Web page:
Archive for October, 2008

Pollard: Standing by his man

October 28, 2008

Don’t let the last two seasons fool you, Cyclone fans.

Iowa State’s men’s basketball program will taste success under Coach Greg McDermott, whose tenure to date has been defined by defections and defeats. Many of those were unavoidable. 

Athletic Director Jamie Pollard said recently he remains convinced McDermott was the best hire he could have made in replacing Wayne Morgan.

“I firmly believe we have the right person, the person with the right values and the right leadership skills,” Pollard said. “It’ll work out. It may not happen as quickly as the average fan may want it to.”

Media day was Monday. McDermott finally has a full compliment of players. Best of all, they are his kind of players, something the veteran coach hasn’t been able to say with full confidence since he’s been at ISU.  

Don’t underestimate the importance of that, Pollard said, and how difficult a task he faced filling a roster once Curtis Stinson, Will Blalock, Farnold Degand, Tasheed Carr, Mike Evanovich and two incoming recruits split town after McDermott got his name on the door.  

If that wasn’t tough enough, more than a half-dozen players have left or were dismissed since then.

“The initial attrition was coming regardless of who we hired,” Pollard said. “Because seven kids left right off the bat resulted in other attrition down the road. I don’t anticipate that going forward.

“I view this as Coach McDermott’s first year. I knew what he inherited, the problems we had in the program and the penalities he had to deal with. This is his real first team of kids that they (coaches) had time to recruit through the normal recruiting process.”

You’ve gotta feel for McDermott, a stand-up guy who has a winning formula and doesn’t make excuses.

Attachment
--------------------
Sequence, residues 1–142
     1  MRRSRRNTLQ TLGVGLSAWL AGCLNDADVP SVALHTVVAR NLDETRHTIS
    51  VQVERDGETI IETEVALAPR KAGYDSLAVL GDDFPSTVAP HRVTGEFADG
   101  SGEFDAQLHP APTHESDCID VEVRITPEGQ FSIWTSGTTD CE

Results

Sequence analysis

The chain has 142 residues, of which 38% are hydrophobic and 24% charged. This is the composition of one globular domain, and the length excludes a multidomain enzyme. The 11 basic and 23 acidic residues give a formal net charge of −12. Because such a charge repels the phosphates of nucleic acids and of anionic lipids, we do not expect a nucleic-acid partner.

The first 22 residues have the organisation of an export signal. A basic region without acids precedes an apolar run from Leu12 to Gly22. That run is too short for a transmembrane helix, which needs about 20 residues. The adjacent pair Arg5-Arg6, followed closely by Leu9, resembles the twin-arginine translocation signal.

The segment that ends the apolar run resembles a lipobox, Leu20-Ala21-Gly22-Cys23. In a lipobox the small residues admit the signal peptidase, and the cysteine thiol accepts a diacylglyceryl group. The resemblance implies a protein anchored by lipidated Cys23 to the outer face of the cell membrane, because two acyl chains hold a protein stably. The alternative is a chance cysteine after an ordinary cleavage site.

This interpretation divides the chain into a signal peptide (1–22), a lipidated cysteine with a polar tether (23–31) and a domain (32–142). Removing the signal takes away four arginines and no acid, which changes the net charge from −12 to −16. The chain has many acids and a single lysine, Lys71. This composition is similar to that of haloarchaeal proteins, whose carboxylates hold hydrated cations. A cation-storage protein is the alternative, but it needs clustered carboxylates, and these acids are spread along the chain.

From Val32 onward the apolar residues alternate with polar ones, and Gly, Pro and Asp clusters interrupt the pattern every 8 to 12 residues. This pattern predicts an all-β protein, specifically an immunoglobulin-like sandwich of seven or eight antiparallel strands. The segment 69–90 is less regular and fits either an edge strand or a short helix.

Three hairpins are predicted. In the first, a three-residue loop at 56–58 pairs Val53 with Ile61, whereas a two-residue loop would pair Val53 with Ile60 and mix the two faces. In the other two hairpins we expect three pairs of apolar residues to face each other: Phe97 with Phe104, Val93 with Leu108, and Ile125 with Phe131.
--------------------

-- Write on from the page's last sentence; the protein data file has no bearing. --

The facts are these: Mike Taylor was immature and had to go, Corey McIntosh could not compete in the Big 12, Cory Johnson wanted to play and wasn’t going to here, Marcus Brister should never have left the state of Texas.

The hardest to swallow was Wesley Johnson, who abruptly left school last May, claiming a disconnect between he and McDermott. His nagging foot injury last season was a big reason why ISU went 14-18 and won just four Big 12 games.

But no excuses. McDermott is 29-34 at ISU. He can do better. This year’s team is awfully young, but Pollard believes the turnaround will start taking shape this year. His guy will get it done.

“He’s a competitor. I don’t think he’s enjoyed the last two years,” Pollard said. “His pride is probably been challenged because of having two years of stuff he had to deal with that is not the kinds of things you want to be spending your time on when you’re trying to build a program.

“The nucleus is there now for him to finally move forward.”


Brackins the key to ISU’s season

October 22, 2008

Iowa State’s basketball fortunes this season will rest greatly on the performance of power forward Craig Brackins.

He knows it. Coach Greg McDermott knows it. Cyclone fans know it.

That’s a lot of pressure for a sophomore.  

Brackins was good last season, starting every game while averaging 11.4 points and 5.0 rebounds a game. He’ll have to be better this year for this young ISU team to improve on its 14-18 overall record and 4-12 finish in Big 12 play.

“Our focus with Craig is just to help him improve,” McDermott said after practice Tuesday night. “Obviously we need to get him a lot of touches and he needs to be a big part of our offense. Beyond that he needs to be able to be a sophomore and continue to grow as a leader and as a player, which I think he’ll do.”